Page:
Basically what it sums up is that they are trying to uitlize the cell Id in order to get geographical location (latitude/longitude) so like you stated for positioning antenna or on clients. It seems the link under wirelessadvisor is interesting. Of course the program may not be readily available depending on your phone.
I do not feel like the field test mode for the modem is very comprehensive could be just my modem but some of these other applications on iphone/blackberry as stated above seem like a better interface.
Maybe someone else could chime in with more information on the particular matter.
Wow Doc, that is awesome! You didn't have to go to that much trouble, thanks. That will be some good reading. It seems like this is a lot harder than I though it would be. I thought maybe I was overlooking something - I'm going to look at the different field tests I have available on a device or two carefully and see if I can find a number that changes. If I can't, oh well. Looks like from what you found other people have run into this too and it isn't that simple. Thanks Doc!
reply to dr_anthony
Some of the cell id things, opencellid, navizon, and that field test app for the iphone! That looks awesome. I didn't know there were such things.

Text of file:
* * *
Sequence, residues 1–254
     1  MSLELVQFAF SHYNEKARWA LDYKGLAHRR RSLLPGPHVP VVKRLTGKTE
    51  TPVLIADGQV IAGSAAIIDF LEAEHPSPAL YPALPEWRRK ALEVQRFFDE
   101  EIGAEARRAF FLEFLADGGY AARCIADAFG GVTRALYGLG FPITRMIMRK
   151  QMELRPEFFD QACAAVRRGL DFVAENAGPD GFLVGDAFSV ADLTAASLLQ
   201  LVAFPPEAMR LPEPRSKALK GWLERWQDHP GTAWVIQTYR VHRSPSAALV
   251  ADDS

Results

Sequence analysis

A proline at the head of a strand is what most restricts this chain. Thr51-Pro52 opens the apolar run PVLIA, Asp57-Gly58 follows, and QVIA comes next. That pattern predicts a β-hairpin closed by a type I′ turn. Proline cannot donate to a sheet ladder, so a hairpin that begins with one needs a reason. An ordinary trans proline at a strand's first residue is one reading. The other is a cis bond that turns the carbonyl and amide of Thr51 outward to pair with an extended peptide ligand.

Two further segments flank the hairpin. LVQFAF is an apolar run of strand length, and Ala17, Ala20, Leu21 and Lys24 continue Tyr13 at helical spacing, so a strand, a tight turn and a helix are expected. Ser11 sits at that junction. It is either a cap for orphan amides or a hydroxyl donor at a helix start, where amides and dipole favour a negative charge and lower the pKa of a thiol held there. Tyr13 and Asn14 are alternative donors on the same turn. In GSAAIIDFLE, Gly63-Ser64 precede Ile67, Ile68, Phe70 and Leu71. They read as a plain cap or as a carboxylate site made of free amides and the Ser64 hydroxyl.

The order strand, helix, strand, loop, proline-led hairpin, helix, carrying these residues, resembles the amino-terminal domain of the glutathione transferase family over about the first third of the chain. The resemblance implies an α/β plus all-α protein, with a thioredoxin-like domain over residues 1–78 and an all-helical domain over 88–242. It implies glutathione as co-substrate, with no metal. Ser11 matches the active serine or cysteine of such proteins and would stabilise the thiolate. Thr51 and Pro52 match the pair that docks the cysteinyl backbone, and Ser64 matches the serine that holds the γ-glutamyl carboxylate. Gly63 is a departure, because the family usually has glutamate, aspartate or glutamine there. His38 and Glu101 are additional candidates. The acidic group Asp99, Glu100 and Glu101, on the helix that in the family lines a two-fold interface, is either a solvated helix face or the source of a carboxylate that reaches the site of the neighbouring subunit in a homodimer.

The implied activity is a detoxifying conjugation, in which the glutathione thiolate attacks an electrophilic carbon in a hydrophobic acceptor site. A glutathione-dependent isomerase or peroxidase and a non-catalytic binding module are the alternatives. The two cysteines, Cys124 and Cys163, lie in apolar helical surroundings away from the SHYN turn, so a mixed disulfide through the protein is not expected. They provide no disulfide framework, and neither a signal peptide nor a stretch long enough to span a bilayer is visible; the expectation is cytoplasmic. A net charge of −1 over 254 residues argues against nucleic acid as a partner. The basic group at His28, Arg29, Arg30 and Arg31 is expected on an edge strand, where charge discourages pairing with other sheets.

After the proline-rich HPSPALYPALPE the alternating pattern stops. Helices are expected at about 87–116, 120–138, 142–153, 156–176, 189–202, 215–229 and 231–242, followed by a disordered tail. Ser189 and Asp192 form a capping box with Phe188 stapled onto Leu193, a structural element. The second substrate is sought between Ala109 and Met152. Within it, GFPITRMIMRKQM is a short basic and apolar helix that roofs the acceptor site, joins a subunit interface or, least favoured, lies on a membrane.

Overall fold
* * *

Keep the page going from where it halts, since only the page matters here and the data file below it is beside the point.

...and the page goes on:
Don't know if it will really help, but here is what I did recently in my area:
Drive to a known tower. Use the ##DEBUG mode of your connection manager to identify the Service Pilot number in use by each of the three directional antennas. (Ideally, you want to be a couple hundred yards out from the tower in three directions 120 degrees apart.)
If you can do this for all of the towers in your area, you will have a way of knowing which one you are connected to at any given time. And if you find a service pilot number whose location you don't know, then there is a tower out there you don't know about.
Service pilot number, those are the PN's right? That's pretty smart. And about the distance and angles from the towers also. I haven't looked really closely at that because I figured several might be the same, but maybe not! That will be something I will try next time I check it out. Thanks!